Microsoft brings Copilot to more Windows 11 testers – but it doesn’t seem confident in the AI

Windows Copilot, Microsoft’s AI assistant for Windows 11, is now rolling out to many more testers.

Neowin spotted that Microsoft quietly updated its blog post for build 23493 in the Dev channel to let us know that Copilot is being made available to every tester.

You may recall that when this build was first released at the end of June, Copilot was only made available to a limited number of testers in the Dev channel, as Microsoft noted that it was going to “monitor feedback and see how it lands before pushing it out to everyone”.

Well, the feedback has evidently been received, and going by it, the software giant clearly feels it was sound enough to fully roll out Windows Copilot to everyone.

Microsoft updated its blog post to say: “The Windows Copilot Preview is now available to all Windows Insiders in the Dev Channel. Insiders may need to reboot to have it show up.”


Analysis: Mixed messages with confidence levels here

This is a slightly odd one. On the one hand, Microsoft must have a certain level of confidence in how Copilot is doing in testing to flip the switch to broaden the rollout to everyone.

On the other hand, Microsoft did this very quietly with just a quick update on its blog, and hardly made any fuss about what is in fact quite a major move. In that sense, the tech giant's confidence in Copilot appears shakier, and it all feels a bit under the radar. (Why not announce a full rollout with the next preview and blog post? Because it seems like a sizeable step forward for Copilot).

Maybe we’re reading too much into this – it wouldn’t be the first time – but we find it difficult to believe Microsoft is all that happy with Copilot, not based on the online feedback we’ve seen from Dev testers thus far. Those comments mainly revolve around how very barebones Copilot is – with barely any Windows settings that can be adjusted in this initial incarnation – and also how buggy it is.

Neowin underlines the latter point in its report, noting that Copilot currently has a lot of bugs that make it rather a ‘frustrating’ feature to use.

Thus far, then, the Copilot rollout seems a bit of an odd process, and compounding this matter is that the AI turned up in Dev first, and Canary testers – the earliest channel for cutting-edge additions to Windows 11 – haven’t got a look in yet. Indeed, some people have switched from Canary back to the Dev channel because of this.

Mind you, Canary testers, or anyone else, could always avail themselves of an alternative to Copilot on the Windows 11 desktop – namely a resurrected ChatGPT-powered Clippy (yes, really).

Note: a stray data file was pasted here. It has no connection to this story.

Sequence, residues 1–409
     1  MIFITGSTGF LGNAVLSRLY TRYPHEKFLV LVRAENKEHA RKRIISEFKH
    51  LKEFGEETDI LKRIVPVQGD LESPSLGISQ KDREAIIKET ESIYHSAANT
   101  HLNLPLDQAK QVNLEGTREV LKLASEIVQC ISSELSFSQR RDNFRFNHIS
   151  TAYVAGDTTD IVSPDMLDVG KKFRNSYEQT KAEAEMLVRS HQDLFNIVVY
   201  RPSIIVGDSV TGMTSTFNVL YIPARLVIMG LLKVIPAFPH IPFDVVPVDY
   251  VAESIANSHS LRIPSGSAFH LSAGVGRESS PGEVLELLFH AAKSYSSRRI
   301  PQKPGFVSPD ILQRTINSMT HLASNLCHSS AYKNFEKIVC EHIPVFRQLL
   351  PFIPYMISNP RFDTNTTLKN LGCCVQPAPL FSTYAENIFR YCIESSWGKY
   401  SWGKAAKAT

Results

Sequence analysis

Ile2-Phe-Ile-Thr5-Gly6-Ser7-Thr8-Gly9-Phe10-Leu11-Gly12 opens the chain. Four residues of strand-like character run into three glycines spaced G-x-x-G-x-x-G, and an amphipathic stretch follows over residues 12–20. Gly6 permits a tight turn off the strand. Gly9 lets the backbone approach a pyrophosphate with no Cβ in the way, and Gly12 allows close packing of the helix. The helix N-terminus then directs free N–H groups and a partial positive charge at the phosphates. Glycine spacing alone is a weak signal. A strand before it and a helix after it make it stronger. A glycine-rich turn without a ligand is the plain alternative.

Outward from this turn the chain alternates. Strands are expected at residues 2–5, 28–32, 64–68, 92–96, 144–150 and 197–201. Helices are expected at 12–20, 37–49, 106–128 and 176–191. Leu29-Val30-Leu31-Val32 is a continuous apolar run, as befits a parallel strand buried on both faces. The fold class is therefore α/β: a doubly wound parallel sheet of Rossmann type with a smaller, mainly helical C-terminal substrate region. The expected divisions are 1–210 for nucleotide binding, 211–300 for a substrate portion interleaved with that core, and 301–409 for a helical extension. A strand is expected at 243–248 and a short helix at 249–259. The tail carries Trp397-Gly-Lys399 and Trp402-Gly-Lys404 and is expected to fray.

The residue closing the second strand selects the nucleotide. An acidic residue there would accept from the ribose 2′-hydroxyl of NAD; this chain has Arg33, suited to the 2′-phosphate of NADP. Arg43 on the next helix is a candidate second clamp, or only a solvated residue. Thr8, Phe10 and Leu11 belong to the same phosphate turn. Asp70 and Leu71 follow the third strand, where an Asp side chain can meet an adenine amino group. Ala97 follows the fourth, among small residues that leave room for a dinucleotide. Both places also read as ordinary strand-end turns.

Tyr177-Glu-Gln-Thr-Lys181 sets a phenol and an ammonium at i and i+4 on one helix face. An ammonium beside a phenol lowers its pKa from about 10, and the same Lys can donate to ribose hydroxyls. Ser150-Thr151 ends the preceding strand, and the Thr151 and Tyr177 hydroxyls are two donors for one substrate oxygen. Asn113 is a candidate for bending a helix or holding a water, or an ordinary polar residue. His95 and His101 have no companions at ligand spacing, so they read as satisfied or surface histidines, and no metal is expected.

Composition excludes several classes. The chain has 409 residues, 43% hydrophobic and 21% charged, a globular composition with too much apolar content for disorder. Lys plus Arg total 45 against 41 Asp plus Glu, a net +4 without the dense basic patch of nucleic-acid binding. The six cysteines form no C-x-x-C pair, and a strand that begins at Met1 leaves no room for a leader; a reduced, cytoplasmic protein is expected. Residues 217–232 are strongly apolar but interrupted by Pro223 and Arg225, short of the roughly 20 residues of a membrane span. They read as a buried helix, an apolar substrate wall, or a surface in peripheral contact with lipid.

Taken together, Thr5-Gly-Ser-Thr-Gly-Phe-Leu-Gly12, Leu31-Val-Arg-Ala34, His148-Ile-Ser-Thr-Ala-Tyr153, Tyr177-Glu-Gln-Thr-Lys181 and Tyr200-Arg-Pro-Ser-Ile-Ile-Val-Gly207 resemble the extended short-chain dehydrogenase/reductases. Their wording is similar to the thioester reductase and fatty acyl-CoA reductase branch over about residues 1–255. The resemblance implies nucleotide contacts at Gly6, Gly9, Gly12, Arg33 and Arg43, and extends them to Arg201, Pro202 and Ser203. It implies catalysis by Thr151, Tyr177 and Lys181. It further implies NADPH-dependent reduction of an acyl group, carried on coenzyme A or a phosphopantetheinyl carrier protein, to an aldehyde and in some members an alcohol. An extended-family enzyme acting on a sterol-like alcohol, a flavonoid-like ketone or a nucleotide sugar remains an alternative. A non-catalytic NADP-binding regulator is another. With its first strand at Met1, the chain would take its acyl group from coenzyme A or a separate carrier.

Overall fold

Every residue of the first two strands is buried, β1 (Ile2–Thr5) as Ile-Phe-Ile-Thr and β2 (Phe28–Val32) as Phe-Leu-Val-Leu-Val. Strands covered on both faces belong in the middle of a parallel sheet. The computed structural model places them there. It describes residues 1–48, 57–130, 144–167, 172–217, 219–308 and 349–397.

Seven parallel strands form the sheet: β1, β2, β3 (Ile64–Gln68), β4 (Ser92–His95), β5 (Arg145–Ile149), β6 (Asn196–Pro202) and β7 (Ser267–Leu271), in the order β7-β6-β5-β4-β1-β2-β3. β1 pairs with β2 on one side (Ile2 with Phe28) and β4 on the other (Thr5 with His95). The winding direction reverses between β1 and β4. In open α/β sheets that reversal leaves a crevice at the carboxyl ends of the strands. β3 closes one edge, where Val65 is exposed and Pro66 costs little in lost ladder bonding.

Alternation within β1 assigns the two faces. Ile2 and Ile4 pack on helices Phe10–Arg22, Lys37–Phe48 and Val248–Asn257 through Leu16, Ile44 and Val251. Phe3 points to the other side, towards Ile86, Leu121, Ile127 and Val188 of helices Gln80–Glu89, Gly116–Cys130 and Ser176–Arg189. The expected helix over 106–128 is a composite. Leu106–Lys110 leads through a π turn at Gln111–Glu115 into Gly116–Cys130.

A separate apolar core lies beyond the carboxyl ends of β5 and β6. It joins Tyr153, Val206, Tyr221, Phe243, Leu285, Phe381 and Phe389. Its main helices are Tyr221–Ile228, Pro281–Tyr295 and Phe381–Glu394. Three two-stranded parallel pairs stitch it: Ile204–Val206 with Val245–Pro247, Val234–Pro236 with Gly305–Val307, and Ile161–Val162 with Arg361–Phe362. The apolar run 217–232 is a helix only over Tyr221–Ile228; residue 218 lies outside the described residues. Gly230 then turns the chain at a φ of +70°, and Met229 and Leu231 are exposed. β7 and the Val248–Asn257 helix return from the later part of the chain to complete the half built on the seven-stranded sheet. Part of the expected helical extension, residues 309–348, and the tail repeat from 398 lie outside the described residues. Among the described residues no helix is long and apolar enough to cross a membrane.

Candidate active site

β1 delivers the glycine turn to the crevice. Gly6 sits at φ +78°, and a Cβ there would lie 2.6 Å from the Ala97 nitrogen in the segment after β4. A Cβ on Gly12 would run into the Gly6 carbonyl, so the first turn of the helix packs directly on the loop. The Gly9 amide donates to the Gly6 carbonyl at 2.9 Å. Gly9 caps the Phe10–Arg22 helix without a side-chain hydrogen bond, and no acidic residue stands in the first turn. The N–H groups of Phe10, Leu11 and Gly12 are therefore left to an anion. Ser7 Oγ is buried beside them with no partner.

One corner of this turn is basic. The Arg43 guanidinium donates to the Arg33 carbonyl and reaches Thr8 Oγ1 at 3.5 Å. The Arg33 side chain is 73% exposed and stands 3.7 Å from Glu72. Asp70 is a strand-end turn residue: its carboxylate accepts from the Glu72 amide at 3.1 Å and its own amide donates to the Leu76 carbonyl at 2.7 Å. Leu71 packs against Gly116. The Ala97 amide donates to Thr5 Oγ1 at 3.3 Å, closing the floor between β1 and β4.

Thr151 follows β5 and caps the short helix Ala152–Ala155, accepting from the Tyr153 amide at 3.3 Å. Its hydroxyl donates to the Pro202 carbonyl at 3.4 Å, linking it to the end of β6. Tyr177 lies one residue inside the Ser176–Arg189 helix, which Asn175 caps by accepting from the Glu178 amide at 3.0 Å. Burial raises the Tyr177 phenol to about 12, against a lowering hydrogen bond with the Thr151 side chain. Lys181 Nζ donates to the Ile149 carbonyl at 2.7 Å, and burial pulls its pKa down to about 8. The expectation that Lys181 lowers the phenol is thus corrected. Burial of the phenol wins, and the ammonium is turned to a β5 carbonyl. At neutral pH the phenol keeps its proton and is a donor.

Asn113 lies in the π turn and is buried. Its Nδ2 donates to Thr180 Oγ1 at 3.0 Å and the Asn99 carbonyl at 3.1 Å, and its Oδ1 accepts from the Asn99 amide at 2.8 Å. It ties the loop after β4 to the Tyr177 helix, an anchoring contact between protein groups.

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The Apple Vision Pro has a comfort problem, according to early testers

Apple’s Vision Pro headset is making it into the hands of more testers following its announcement, but according to reports early reactions are underwhelming, with some users reporting that it's not comfortable to wear for long periods.

The eagerly anticipated VR device offers several innovative and performance improvements over the current best VR headsets, including unique hand-tracking controls and Apple's powerful M2 processor. Unfortunately, it looks like it could have the same flaw that's affected several models before it.

In our hands-on Apple’s Vision Pro review, our US Editor-in-Chief Lance Ulanoff described the headset as feeling “snug and comfortable” after he'd made the necessary adjustments, although he was only able to try the Vision Pro for a short time.

But in a report that also provided leaked details of 18 Apple products that are set to launch in the coming years, Bloomberg’s Mark Gurman highlighted early testers' critiques of the Vision Pro VR headset, chiefly that it feels too heavy after they've worn it for a couple of hours.

Some of the testers, who at this stage are said to mostly be senior Apple engineers and executives, have also reported experiencing motion sickness, although to a lesser degree than when wearing other headsets. 

We've experienced comfort issues with the Meta Quest Pro (we tried wearing it every day for a week for work and it wasn't fun), and we hoped the Vision Pro could overcome this shortcoming, in part due to the external battery back reducing the weight of the headset itself. However, it appears that the external battery could be causing problems in the comfort department rather than solving things. 

Most VR headsets tend to be front-heavy, as all the components are housed in a box at the front that sits over your eyes. More recent designs like the Meta Quest Pro offer better weight distribution by moving the internal battery to the back of the headset’s strap, and while this solution isn’t perfect the Quest Pro does generally feel more comfortable to wear than the front-heavy Oculus Quest 2.

While we think the Apple headset’s external battery could overall be a smart choice, it’s not able to serve as a counterweight like the internal battery used by the Vision Pro’s rivals. Apple could have tried moving other components to the strap to serve the same purpose, but for this first iteration that’s not the case.

Another problem is the apparently lack of an overhead strap, which serves as another weight-balancing tool. A few brief shots in Apple’s Vision Pro introduction video show someone using the Vision Pro with such a strap, but Apple hasn’t gone into much detail about it – and according to Gurman, Apple might sell you the strap as an add-on accessory rather than include one in the box.